Chef James has been grabbing some well-deserved attention lately by winning the local competition dining series followed by accolades all around. A jaw-dropping chef’s table was an added benefit to some of us. Why? Because a country club chef isn’t exactly “open to the public.” So if you’ve tasted his food at a special event or fundraiser or been lucky enough to eat at SCC, then you know what all the hype is about. He said it is an honor even to have been nominated and included with the likes of Blackburn. “I never thought my name would be recognized in the area as a top chef. I know that being a country club chef, I have a very narrow window for entertaining the folks of Greensboro and our surrounding communities. To finish as runner-up is mind-blowing. The other chefs on the ballot are truly some amazing people to know and to work within the Triad Community. Chris Blackburn, Kris Fuller, Jay Pierce, among others are the folks that I tend to think of when it comes to the “Who’s Who” of Guilford County. I appreciate the support from those that voted for me and what we do here at Sedgefield Country Club. Patterson has received the honor of being selected as Featured Chef at the Triad Local First Community Table in the fall. He’s already got a line-up of superstar chefs, like those mentioned previously, for the event. Community Table will be taking place on Sunday, Sept. 30 at Double Oaks Bed and Breakfast. An all-star cast of local chefs will feature Chris Blackburn, Kris Fuller (Crafted), Reed Gordon (Greensboro Country Club), Travis Myers, Niki Farrington (Niki’s Pickles/Mary’s Gourmet Diner), Jay Pierce (Mozelle’s), Brian Dicey (Starmount Country Club).
Best Chef Under 30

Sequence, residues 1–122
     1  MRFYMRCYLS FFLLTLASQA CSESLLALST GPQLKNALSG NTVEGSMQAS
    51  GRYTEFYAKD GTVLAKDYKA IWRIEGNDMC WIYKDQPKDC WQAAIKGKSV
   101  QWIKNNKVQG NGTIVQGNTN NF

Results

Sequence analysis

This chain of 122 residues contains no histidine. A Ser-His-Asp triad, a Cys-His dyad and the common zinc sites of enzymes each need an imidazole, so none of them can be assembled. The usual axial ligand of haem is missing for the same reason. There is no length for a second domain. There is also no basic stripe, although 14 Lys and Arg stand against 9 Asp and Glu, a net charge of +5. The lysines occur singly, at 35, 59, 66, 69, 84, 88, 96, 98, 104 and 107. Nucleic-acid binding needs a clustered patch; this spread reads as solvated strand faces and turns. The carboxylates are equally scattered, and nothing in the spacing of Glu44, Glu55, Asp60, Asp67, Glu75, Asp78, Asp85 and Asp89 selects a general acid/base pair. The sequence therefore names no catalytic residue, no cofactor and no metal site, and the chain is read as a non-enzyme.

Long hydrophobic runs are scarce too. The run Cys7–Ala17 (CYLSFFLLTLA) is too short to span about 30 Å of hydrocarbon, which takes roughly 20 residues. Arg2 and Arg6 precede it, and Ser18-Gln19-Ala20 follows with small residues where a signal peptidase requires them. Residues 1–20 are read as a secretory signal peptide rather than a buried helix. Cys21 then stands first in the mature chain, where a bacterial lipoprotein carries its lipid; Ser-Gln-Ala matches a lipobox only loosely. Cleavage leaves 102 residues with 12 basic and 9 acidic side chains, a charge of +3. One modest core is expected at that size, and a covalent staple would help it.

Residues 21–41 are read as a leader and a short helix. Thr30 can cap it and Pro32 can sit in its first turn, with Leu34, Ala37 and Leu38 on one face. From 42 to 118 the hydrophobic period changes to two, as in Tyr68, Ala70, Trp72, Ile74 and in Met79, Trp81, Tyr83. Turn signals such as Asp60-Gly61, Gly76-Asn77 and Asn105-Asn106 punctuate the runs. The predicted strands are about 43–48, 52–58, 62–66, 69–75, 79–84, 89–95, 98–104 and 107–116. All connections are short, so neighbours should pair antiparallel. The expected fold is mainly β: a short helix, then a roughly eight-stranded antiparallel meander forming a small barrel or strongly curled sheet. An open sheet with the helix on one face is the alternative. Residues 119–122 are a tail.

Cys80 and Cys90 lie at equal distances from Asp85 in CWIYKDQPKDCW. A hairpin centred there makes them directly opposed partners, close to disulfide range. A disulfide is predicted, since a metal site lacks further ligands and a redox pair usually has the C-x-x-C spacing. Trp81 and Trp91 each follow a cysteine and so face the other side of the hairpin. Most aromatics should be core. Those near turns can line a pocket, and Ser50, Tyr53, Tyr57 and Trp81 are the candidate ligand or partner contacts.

Winner: John Wilson
Sophie’s Cork and Ale in Lexington
When we told Chef John he’d won best chef in the 30 and under category, you could’ve knocked him over with his tongs. “This award means the world to me,” he said. “It fuels my young career even more, and I am very grateful for the support of the community. This is my first ever award for being a chef and I can’t wait to accomplish more of my career dreams and goals.” Chef John was also a featured chef at our local Chef’s Table. He served breakfast, lunch, dinner, and dessert in one meal and he killed it. As chef at Sophie’s Cork and Ale, he’s given a wide range of creativity to play with the menu as well as create incredible burgers and salads. Sophie’s also has an ever-evolving menu with a new one coming out in early June.And by popular demand and lots of urging from Wilson, Sophie’s now offers brunch every last Sunday of the month.
Congratulations to some of hardest working people we know. And they must be busy because they’re difficult to reach sometimes unless you literally walk into their kitchen to speak to them between sautés. Few know the toll it can take on a person to run a kitchen or a restaurant and Y’all know how I am, these chefs are all winners to me.